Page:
Sunday, July 24, 2005
In a break from my usual book log entries I have decided to devote a few lines to some more or less obscure aspects of my new book, which is published this month.
THE BLACK & WHITE ILLUSTRATIONS
The marvellous die-cut double cover design was put together at Faber and Faber, using the talents of designers Donna Payne, Philip Hood and Mark Edwards. Philip Hood’s dragon also appears on the title page. But all the other illustrations, the black and white pen drawings at the start of each chapter, and those on the title pages for Parts I, II and III, are by me. Inspired in part by Philip Pullman’s chapter code symbols in The Subtle Knife, which indicated the world that each particular chapter was set in, I devised five motifs; a dragonfly nymph, an oriental dragon, a horse, an eye and a panther. Observant readers will doubtless discover for themselves the significance of these devices, which may appear, to the casual observer, to have been randomly allocated.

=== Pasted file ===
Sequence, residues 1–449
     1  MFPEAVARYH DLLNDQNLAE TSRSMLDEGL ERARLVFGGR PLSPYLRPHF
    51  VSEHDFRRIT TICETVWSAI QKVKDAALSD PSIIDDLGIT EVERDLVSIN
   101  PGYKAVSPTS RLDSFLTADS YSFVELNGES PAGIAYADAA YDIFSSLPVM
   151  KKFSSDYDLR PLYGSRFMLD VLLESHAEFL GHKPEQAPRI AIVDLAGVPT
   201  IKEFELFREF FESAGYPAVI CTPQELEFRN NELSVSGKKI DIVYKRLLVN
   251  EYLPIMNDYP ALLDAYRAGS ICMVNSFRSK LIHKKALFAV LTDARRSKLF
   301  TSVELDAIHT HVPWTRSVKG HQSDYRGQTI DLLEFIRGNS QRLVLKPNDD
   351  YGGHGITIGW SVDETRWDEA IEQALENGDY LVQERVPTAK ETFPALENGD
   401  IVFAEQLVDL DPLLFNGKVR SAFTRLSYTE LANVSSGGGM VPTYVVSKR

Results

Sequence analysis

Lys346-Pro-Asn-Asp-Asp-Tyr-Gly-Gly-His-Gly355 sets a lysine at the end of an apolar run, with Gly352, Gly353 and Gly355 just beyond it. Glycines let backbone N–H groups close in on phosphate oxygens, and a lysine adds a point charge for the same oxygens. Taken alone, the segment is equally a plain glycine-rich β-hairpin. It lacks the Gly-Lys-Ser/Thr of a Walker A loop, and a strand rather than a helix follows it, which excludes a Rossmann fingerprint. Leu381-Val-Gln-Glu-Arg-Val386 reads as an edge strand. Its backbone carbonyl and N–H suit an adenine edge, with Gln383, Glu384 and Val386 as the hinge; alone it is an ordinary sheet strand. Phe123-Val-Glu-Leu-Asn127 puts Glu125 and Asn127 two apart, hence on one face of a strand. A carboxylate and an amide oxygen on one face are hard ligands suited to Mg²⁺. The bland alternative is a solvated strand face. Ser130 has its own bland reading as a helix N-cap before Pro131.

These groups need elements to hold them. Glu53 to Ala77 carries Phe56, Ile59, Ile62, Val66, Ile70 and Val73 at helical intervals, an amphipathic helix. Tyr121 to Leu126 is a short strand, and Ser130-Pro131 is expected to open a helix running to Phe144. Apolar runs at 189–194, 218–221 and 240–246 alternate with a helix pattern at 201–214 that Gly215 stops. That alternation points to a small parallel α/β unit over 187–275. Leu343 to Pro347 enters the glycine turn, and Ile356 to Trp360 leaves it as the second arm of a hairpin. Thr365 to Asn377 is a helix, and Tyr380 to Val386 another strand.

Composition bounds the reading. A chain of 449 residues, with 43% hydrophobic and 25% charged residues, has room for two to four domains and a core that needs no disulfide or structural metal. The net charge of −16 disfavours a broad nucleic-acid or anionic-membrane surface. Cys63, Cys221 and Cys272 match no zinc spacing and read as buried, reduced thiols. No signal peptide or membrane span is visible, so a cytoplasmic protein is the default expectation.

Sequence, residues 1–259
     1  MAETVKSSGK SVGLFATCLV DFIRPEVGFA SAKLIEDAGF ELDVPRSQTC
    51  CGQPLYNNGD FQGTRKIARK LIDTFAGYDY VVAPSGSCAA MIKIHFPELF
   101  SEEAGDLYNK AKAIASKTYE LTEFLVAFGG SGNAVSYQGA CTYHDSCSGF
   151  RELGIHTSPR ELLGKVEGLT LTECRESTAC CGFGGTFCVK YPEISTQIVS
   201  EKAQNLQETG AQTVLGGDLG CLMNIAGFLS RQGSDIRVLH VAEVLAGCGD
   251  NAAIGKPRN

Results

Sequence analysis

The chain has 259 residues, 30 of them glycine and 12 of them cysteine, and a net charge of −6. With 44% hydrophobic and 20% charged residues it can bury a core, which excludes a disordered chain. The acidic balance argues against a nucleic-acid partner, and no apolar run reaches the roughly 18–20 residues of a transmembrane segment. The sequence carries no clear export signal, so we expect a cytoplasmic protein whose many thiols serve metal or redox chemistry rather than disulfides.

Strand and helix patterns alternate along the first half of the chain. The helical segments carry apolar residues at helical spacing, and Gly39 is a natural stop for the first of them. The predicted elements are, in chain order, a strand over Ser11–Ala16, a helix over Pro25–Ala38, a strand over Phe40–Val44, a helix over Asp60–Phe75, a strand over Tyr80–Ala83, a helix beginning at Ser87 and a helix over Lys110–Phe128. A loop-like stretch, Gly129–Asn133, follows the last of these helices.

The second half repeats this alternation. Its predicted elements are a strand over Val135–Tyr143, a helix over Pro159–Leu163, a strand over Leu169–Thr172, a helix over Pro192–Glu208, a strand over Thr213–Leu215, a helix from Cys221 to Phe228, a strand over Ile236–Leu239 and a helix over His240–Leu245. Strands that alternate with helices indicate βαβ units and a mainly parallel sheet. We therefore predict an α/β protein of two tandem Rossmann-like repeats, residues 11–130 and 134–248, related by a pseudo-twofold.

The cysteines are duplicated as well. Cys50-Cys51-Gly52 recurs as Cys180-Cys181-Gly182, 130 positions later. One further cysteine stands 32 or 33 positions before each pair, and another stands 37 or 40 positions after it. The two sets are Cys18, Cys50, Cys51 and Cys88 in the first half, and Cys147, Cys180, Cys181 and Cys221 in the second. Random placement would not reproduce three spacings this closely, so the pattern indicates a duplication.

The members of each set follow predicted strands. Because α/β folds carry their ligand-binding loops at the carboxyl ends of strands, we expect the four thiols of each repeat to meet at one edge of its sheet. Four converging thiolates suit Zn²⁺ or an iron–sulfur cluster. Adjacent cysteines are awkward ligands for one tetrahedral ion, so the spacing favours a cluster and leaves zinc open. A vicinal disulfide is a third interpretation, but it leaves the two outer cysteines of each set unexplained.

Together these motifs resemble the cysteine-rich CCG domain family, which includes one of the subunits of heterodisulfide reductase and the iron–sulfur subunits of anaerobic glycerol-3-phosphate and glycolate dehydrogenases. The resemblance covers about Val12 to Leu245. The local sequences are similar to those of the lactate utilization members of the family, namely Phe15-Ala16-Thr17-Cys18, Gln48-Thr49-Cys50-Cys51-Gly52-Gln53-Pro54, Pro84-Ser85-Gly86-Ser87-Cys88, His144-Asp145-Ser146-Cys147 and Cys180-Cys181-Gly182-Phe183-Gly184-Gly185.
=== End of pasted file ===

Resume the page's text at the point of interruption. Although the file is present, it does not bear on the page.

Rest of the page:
The title page designs at the beginning of each of the three parts were an attempt to echo the elements and substances named in the titles themselves. The titles were, in their turn, a way of conjuring up the atmosphere of each section. The titles also allude to the cyclical nature of the story (begin with BLOOD, end with BLOOD). I always enjoy stories with a satisfying and intriguing shape to them, and so I was very pleased to be able to end the book with a chapter entitled THE STORY BEGINS!
The dedication is to my older sister Pat, who died when I was halfway through writing Worm In The Blood. When I was about 14 years old I gave Pat a present of some little dragons, two adults and three babies, which I’d made out of papier-mâché. On my next birthday she painted me a green dragon with crimson wings. It stands on its hind legs, against a ground of sand-yellow beneath a lilac sky illuminated by a silver moon. My sister’s dragon is a slender, delicate and gentle-looking beast with a melancholy look in its eye. Pat was at that time a fine art student. She later became a tapestry weaver of some renown. On the back of the painting she wrote “A dragon for dragons”, which I quote in the Worm In The Blood dedication.
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